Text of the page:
Martin Truex Jr.’s girlfriend shares story of battling ovarian cancer

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The lives of NASCAR Sprint Cup Series driver Martin Truex Jr. and his girlfriend, Sherry Pollex, were changed forever this past summer when Pollex was diagnosed with ovarian cancer.

Pollex underwent surgery on Aug. 15, with Truex missing practice and qualifying sessions at Michigan International Speedway to be with her. Since then, the couple has had to find ways to carry on as she battles the hideous disease.

“We lived our life in fourth gear,” Pollex said recently to USA Today’s Mike Hembree. “We were constantly running … So adjusting to a new normal and having to put your life in first gear and learn that your body can’t run like that any more is the biggest adjustment for me.”

“It’s been a roller-coaster ride,” adds Truex, who also told Hembree he thought about taking the rest of the Cup season off (and was given an option to do so by his Furniture Row Racing team).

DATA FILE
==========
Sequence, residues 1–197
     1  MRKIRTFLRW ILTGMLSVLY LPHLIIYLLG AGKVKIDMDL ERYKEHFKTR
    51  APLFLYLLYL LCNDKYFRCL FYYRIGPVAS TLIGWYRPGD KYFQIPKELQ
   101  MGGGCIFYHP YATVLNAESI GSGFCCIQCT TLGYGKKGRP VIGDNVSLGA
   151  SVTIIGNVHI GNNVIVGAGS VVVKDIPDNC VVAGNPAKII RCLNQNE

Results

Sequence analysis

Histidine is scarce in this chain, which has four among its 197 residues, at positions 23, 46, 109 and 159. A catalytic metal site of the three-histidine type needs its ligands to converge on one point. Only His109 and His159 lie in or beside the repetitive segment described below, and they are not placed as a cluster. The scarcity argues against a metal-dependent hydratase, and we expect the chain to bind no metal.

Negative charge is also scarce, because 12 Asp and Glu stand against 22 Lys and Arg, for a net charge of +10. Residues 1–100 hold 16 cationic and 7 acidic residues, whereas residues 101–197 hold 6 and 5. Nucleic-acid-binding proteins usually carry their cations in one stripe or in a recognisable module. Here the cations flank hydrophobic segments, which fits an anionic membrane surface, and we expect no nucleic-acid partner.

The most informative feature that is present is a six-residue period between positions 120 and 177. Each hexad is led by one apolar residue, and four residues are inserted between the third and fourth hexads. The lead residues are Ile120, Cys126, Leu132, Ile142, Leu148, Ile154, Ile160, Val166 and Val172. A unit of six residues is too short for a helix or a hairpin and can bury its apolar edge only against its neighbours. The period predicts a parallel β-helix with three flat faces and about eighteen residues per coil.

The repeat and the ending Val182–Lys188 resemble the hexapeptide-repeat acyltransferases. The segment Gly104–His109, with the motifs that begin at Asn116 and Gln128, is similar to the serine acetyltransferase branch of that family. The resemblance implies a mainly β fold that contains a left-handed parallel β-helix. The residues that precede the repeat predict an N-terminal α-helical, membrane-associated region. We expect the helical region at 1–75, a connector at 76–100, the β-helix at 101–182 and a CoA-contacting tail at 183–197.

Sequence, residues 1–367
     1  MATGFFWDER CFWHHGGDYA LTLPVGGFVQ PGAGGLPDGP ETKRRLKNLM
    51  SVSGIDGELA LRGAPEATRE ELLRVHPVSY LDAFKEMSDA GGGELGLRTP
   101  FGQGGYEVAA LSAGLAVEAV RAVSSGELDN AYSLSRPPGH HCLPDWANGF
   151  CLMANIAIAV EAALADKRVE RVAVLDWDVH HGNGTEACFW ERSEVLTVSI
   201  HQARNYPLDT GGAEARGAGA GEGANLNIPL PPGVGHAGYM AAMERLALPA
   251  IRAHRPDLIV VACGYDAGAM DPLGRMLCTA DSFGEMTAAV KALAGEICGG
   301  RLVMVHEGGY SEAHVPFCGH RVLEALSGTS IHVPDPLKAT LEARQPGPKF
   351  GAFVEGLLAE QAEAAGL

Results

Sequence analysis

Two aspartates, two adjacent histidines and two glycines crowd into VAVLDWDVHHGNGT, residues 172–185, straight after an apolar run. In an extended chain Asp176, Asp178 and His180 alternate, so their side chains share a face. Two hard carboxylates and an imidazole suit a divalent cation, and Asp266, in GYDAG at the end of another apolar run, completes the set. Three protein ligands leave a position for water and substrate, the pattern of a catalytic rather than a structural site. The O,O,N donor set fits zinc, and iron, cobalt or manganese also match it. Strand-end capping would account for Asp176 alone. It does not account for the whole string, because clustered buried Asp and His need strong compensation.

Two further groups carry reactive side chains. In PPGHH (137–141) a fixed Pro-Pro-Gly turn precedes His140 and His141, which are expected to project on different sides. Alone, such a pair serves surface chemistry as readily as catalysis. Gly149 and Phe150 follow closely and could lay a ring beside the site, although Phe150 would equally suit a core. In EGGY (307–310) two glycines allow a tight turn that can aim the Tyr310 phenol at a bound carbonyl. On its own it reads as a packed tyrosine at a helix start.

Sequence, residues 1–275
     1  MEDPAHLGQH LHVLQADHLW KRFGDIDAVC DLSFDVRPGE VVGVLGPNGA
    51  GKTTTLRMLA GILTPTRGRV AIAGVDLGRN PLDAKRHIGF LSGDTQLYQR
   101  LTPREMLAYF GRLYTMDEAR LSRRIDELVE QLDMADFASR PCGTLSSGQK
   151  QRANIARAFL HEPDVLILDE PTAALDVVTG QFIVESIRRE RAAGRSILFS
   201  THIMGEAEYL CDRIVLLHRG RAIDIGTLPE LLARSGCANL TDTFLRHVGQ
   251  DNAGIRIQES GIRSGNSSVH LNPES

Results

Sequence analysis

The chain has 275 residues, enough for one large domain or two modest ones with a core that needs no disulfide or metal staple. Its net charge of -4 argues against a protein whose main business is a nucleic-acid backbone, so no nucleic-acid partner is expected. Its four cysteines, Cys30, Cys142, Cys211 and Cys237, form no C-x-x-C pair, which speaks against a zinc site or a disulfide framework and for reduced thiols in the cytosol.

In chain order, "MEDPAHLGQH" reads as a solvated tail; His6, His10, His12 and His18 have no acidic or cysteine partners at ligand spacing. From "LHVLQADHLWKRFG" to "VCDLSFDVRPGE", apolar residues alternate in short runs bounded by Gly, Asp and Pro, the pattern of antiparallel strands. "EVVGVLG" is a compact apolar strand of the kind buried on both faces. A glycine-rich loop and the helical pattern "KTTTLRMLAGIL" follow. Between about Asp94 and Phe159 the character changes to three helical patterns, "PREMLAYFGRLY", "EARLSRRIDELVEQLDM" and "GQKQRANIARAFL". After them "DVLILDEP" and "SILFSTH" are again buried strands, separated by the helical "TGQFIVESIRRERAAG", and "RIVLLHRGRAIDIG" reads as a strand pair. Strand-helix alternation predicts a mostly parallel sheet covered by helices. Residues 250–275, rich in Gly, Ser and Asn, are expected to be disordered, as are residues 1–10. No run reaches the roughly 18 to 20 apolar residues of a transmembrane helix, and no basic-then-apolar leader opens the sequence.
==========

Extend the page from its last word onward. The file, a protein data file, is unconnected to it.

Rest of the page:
“You go through all different emotions from sad to mad, why the hell, why us. But at the end of the day, we’re no different from anybody else who’s had cancer.”

As part of a moving story, Hembree also details how her cancer diagnosis altered the couple’s consideration at the time of having their first child.

“There was no time to think about the fact that I was devastated that I could never be a mother,” Pollex says. “I don’t know what hit me worse – the devastation that I couldn’t carry my own child or the devastation that I had Stage III cancer. To hear all that in a matter of five minutes – it was so hard.”

Pollex is set to have weekly chemotherapy treatments into the New Year.

But while she receives treatment, she continues to work to ensure that the Martin Truex Jr. Foundation continues one of its main missions: Helping kids battle pediatric cancer.

She also hopes to raise more awareness about ovarian cancer, which she believes does not receive as much attention as other cancers in the bigger picture.

“…With earlier diagnosis, I would have had a survival rate of 85 percent,” she tells Hembree. “My survival rate now is less than 30. … All I can do right now is fight and try to help other women so they don’t make the same mistake.”

For more on the MTJ Foundation, visit its website at MartinTruexJrFoundation.org.